Biology 2313 Week 5 Notes
Biology 2313 Week 5 Notes Biology 2313
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This 7 page Class Notes was uploaded by Ednjon Parilla on Saturday September 24, 2016. The Class Notes belongs to Biology 2313 at University of Texas at El Paso taught by Dr. Zaineb Al-Dahwi in Fall 2016. Since its upload, it has received 17 views. For similar materials see Human Anatomy & Physiology II in Science at University of Texas at El Paso.
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Date Created: 09/24/16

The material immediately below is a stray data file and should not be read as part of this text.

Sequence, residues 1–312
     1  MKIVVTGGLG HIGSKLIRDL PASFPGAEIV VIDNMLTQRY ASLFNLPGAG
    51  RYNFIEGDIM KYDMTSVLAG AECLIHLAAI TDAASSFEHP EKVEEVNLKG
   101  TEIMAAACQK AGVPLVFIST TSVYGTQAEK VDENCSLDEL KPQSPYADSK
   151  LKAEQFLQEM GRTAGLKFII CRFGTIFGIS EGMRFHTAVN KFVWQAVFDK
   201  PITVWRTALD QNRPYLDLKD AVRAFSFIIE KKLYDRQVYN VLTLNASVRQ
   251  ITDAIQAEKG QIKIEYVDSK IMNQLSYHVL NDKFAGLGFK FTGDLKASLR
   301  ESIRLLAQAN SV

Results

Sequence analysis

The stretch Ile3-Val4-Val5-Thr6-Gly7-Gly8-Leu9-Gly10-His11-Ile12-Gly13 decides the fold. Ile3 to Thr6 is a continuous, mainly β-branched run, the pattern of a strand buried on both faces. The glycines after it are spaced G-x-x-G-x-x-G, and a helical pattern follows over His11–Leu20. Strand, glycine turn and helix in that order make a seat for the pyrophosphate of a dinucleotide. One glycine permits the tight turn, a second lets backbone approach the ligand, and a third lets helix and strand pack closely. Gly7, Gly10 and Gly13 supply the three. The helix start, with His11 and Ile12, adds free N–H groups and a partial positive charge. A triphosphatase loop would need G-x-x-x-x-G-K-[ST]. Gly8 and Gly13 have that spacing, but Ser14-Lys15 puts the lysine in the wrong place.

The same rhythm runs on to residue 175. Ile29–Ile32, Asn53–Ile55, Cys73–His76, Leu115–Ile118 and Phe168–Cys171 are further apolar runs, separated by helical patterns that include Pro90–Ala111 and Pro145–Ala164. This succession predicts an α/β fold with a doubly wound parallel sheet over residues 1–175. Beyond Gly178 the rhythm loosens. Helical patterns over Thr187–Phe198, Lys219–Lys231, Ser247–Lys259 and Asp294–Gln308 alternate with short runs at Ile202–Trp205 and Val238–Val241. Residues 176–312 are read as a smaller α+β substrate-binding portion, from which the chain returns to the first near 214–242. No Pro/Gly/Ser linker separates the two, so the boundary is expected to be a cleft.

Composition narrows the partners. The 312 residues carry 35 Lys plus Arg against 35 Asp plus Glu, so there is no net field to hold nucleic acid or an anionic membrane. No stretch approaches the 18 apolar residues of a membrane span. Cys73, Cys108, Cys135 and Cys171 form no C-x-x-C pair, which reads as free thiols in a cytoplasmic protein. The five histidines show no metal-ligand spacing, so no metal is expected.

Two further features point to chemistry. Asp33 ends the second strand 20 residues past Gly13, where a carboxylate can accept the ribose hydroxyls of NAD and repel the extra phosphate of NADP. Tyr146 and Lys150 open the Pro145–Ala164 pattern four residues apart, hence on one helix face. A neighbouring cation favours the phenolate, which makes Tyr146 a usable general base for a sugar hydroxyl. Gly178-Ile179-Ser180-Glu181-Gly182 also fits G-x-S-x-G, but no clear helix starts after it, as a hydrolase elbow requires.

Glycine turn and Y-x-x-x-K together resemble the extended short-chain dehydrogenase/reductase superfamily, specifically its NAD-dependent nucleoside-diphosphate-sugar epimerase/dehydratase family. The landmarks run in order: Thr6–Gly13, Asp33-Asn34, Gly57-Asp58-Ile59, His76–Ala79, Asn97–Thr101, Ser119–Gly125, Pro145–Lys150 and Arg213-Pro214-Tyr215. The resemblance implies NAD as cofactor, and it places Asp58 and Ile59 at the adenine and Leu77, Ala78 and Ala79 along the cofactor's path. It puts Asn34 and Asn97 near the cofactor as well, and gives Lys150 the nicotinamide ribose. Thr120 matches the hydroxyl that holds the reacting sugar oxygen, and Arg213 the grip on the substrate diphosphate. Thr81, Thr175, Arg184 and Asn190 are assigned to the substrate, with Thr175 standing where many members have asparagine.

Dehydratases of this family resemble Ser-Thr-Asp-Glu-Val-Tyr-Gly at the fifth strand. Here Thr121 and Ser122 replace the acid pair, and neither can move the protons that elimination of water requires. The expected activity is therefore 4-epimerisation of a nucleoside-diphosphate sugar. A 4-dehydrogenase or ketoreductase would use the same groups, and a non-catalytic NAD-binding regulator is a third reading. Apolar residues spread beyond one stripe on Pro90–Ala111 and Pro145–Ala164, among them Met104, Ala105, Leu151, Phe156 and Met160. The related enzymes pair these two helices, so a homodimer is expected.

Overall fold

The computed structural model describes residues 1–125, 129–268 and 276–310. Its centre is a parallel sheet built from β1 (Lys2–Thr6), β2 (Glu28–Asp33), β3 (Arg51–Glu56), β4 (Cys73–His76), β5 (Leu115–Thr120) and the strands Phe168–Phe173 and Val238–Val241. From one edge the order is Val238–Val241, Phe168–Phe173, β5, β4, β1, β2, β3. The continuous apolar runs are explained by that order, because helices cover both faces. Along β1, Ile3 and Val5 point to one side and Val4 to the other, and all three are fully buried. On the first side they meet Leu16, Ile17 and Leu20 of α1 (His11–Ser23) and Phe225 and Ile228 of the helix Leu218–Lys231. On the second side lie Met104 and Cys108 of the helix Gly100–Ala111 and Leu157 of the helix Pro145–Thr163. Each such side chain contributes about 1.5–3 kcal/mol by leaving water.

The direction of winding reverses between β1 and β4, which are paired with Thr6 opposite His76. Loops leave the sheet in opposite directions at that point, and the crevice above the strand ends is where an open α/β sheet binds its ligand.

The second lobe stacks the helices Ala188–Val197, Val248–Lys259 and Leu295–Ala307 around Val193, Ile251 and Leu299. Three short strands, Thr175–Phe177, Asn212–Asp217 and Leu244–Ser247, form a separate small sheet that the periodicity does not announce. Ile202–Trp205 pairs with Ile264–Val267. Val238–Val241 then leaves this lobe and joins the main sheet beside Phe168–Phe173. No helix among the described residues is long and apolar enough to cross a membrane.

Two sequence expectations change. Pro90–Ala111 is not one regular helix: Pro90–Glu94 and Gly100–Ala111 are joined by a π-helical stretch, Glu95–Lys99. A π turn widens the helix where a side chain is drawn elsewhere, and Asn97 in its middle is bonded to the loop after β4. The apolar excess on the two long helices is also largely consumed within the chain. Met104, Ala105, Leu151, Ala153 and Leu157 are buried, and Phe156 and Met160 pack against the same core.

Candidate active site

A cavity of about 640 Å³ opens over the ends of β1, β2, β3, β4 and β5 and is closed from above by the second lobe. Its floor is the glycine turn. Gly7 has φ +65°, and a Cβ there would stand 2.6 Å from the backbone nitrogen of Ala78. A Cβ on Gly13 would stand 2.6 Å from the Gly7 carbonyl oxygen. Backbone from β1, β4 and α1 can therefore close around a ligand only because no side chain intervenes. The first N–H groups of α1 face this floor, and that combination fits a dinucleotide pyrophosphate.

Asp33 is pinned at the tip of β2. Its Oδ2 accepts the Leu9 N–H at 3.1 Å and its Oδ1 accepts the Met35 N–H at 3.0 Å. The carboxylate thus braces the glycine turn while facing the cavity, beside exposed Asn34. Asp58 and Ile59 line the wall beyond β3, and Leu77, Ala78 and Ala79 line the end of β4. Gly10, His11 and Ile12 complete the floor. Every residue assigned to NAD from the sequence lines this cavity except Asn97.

Chapter 18: The Heart – Cardiac Output Difference of Circulations Pulmonary Circuit o Shorter o Low resistance; lower pressure o Associated with the right side Systemic Circuit o Longer o 3x to 5x higher resistance than PC (due to the length); higher pressure o Associated with the left side o Workload is much greater than PC; thickness of myocardium in the left shows this Heart Valves: Function Valves are going to be opening and closing according to the differences in blood pressure o Which is the driving force of moving the blood to different chambers; blood flow depends on difference in pressure 80% of blood is returned into atrium How the valves work (using valve between ventricle + artery in left as example): 1) Blood is returned into atrium Blood pressing against the AV values causes them to open 2) Blood moves into ventricle As the ventricles fill, AV valve flaps hang limply into ventricles 3) Atria contract Forces additional blood into ventricles 4) AV valve close Closes due to the contraction of ventricles and blood pressure against the AV cusps Papillary muscles contract an chordae tendineae tighten o Prevents valve flaps from everting into artia 5) Ventricle contract and increases the pressure Moves the AV flaps upward to close the valve Intraventricular pressure rises and blood is pushed up against semilunar valves 6) Semilunar Valves open Pressure in the ventricle exceeds pressure in the artery o Blood is pushed against the wall causing the opening of the valve and the moving of the blood into the artery 7) Relaxation (from contraction) Blood pressure goes down Pressure in aorta (artery) is greater in the ventricle 8) Backflow Caused by the higher pressure in artery than ventricle Cusps are filled at the base of the artery 9) Ballooning Caused by filled artery base Closes the semilunar valve (between ventricle and aorta) 10) Papillary muscles contract to keep the valve closed Also prevents backflow of blood into atrium ↳ Important to Note: Difference in blood pressure causes contraction and relaxation Atrio-Ventricular Valve is CLOSED at ventricular contraction Cardiac Muscle Cells Cardiac Muscle Cells VS Skeletal Muscle Cells: Anatomic Features Similarities o Striation; both are striated Arrangement of I and A bands in myofibrils (specifically in the sarcomere) are the same o Way of Contraction Both contract by the sliding of actin and myosin = Sliding Filament Model Differences o Skeletal Muscle Cells: 1) Long muscle fiber, no branching, multinucleated 2) Do not contract as a single unit 3) Cytoplasmic Reticulum provides feedback control required to balance the processes of calcium storage, release, and reuptake 4) Contain more T-tubules than cardiac muscle cells o Cardiac Muscle Cells: 1) Shorter muscle fiber, branching, single-nucleated Connective tissue (Endomysium) connected to the fibrous cardiac skeleton (between the branches) 2) Contracts as a single unit All cardiac muscles are inter-dependent between other cells Connected by intercalated discs o Contain 2 Types of Cellular Junctions Desmosomes: linkage; prevents separation during contraction of heart Gap Junctions: protein channels that connect 2 cardiac muscle cells Work as a bridge where ions can go from one cell to another Reflective electrical impulses are sent (ions moving) and jh cause contraction as a single unit Functions as a Functional Syncytium 3) Cytoplasmic Reticulum is modified to store calcium extracellular space 2+ Ca activates channels 4) Less T-tubles than skeletal muscles Communication is through gap junctions Physiological Differences between Cardiac + Skeletal Muscle Cells #1 Activation Cardiac Muscle Cells (Myocytes) o 2 Major Types Self-Excitable Cells (aka Auto-rhythmic Cells): same anatomical features as other cardiac muscle cells, difference in _______ Capable of generating own depolarization “Pace maker cells” 1% of cells in the heart NOT CONTRACTILE Only job is to generate depolarization for the heart o The heart has its own in-house nervous system DOESN’T NEED the nervous system outside of heart! Proven by heart transplants Skeletal Muscle Cells needs the nervous system in order to become activated (to contract) o No contraction leads to paralysis #2 Contraction Cardiac Muscle Cells o Contracts as a single unit → functional syncytium Gap junctions are the reason for electrical coupling + single beating of the heart Skeletal Muscle Cells o Use motor units; muscles can contract at different times Your muscles will contract when you want it to; not automatic! #3 Source of Calcium Cardiac Muscle Cells o From extracellular space o For CONTRACTILE cardiac muscle cells Plasma Membrane has sodium + calcium channels (specifically Slow Calcium Channels) Depolarization will cause the calcium channels to open 20% of calcium is provided; needed for contraction Calcium Sensitive Channels (on cytoplasmic reticulum) will release the rest of calcium needed for contraction #4 Length of Absolute Refractory Period nd o Absolute Refractory Period = the amount of time in which a 2 action potential cannot be generated Skeletal Muscle Cells o Brief refractory period Allows 2 ndaction potential if repolarization (before relaxation) is FULLY COMPLETE, but relaxation is NOT COMPLETE (Partial Relaxation) Cardiac Muscle Cells o Absolute refractory period is almost as long as the entire contraction- relaxation cycle of the skeletal muscle cells o THE HEART NEEDS TO GO BACK TO COMPLETE RELAXATION! During relaxation the heart is filled with blood If it doesn’t reach complete relaxation, there is less blood being pumped; therefore, decreasing efficiency of the heart #5 Respiratory Mechanisms Cardiac Muscle Cells o The Heart is FULLY DEPENDENT on aerobic respiratory mechanisms (uses oxygen) Skeletal Muscle Cells o Uses anaerobic mechanisms + is capable of switching to aerobic mechanisms Action Potential in Pacemaker Cells Pacemaker Cells = cardiac muscle cells that are non-contractile Self-excitable; generate own depolarization (do not require stimulation from nervous system) Unstable Resting Membrane Potential is what allows depolarization o Have a particular sodium channel = Funny Channel Action Potential Review 1. Depolarization = sodium enters 2. Repolarization = exit of potassium 3. Hyperpolarization = continuous potassium exit; causes a negative membrane ↳ Important to note: CONTRACTION follows DEPOLARIZATION RELAXATION follows REPOLARIZATION ↳ The electrical function happens BEFORE mechanical End of Hyperpolarization Sodium channel opens and sodium enters; slowly drifts membrane into the threshold (depolarization) Makes the membrane more positive Pacemaker Potential = time period when the membrane is slowly drifting the membrane back into the threshold Reaching the threshold leads to the uprising of depolarization Causes the opening of calcium channels and inactivation Continues the cycle: ▫ Pacemaker Potential → Depolarization → Repolarization Intrinsic Conductive System Sequence of Excitation 1) SA Node = Sinoatrial Node ↳ Node: collection of non-contractile cardiac muscle cells Has the fastest beating rate: 75 beats per min. Known as pacemaker of the heart Location: Right Atrium Electrical impulse is transmitted into both atria trough gap junction This transmission is through the Internodal Pathway; sends the electrical impulse from SA node to AV node 2) AV Node = Atrioventricular Node Has a beating rate of 50 beats per min. Located: at the center of the heart; in the floor of the right atrium, between the atria and ventricles Delay in passage of electrical impulse Muscle fibers in the AV node have a smaller diameter Promotes increase in resistance; slower passage of electrical impulse (depolarization) This ensures that contraction of the ventricle doesn’t match the contraction of the atrium! 3) AV Bundle = Atrioventricular Bundle Beating rate of 30 beats per min. Location: between atria and ventricles Divides into right and left bundle branches Sends impulses from the AV node to the ventricles 4) Bundle Branches Responsible for excitation in septum between the ventricles Location: along the interventricular septum 5) Purkinje Fibers (or called Subendocardial Conducting Network) Most important portion responsible for excitation of septum cells Location: AV Bundle Function - to send nerve impulses to the ventricles and cause them to contract and pump blood either to the lungs or the rest of the body. Left Purkinje fibers start at the apex of the heart and move upward Right Purkinje fibers start from the bundle branches and move upward ↳ Important to note! If the SA node becomes infected; AV node becomes the pacemaker If AV node becomes infected; AV Bundle + Bundle Branches take over but DO NOT provide jjj a sufficient rate to become the pacemaker In this case an artificial pacemaker should be provided Innervation of the Heart Made possible by the Parasympathetic branch under the Autonomic Nervous System MODIFIES the activity of the heart o Nerves will lower or increase the heart rate NOT generate the heart rate Medulla Oblagata (in Brainstem) Collection of nerve cells 3 Centers o Cardiovascular center o Respiratory center o Vasomotor center Cardiovascular Center Cardio-excitatory Center (or the Cardio-acceleratory Center) o Project to the sympathetic NS with interneurons o From sympathetic NS to the heart through sympathetic cardiac nerves Sympathetic cardiac nerves increase heart rate + force of contraction At the heat the impulse innervates the SA + AV nodes, heart muscles, and coronary arteries Cardio-inhibitory Center o Sends impulses through the Vagus Nerve (parasympathetic) used by the cardio-acceleratory center Goes straight to the SA + AV Node in the heart ↳ Important to note: the conduction system is made of cardiac contractile cells (allowed by lk gap junctions) Action Potential in Cardiac Muscle Cells 1) Depolarization = Excitation Excitation passes through the sarcolemma (plasma membrane of muscle cells) Opening of Na channels (voltage-gated) o Allows entrance + generates depolarization o Slow Ca 2+channels are also opening at the same time! + Inactivation of Na channels o Slow Ca 2+channels will be completely opened at this time Increase in Ca 2+intake = maintains and prolongs depolarization 2) Plateau Phase Prolonged depolarization Prolonged depolarization = prolonged contraction (Sustained Contraction) 2+ Provides efficiency in the pumping action of the heart Ca channels inactivated; leads to repolarization Opening of K channels 3) Repolarization ↳ REMINDER!! Depolarization THEN Contraction Repolarization THEN Relaxation Length of Refractory Period (in skeletal muscle) almost = Contraction and Relaxation Cycle (in cardiac muscles) Refractory Period = the period when a 2 ndaction potential cannot be generated Prevents summation (tetanic contraction; which can lead to heart fatigue) EKG or ECG (represents electrical makers) Electrical activity of the heart throughout the body (of both contractile and nodes) Nodal refers to the Conductive (electrical) System NOT representing a SINGLE action potential Defelection Waves represent contractile + nodal cells that represent certain portions of the heart P Wave QRS Complex T Wave 1) Atrial Depolarization (P Wave) o Electrical activity due to passage of depolarization through ventricles (QRS) o Repolarization wave through ventricle (T) Cannot be seen due to the strength of the QRS depolarization which is occurring at the same time EKGs can differ Aspects of EKG 1) P-Q Interval: beginning at atrial depolarization to ventricular depolarization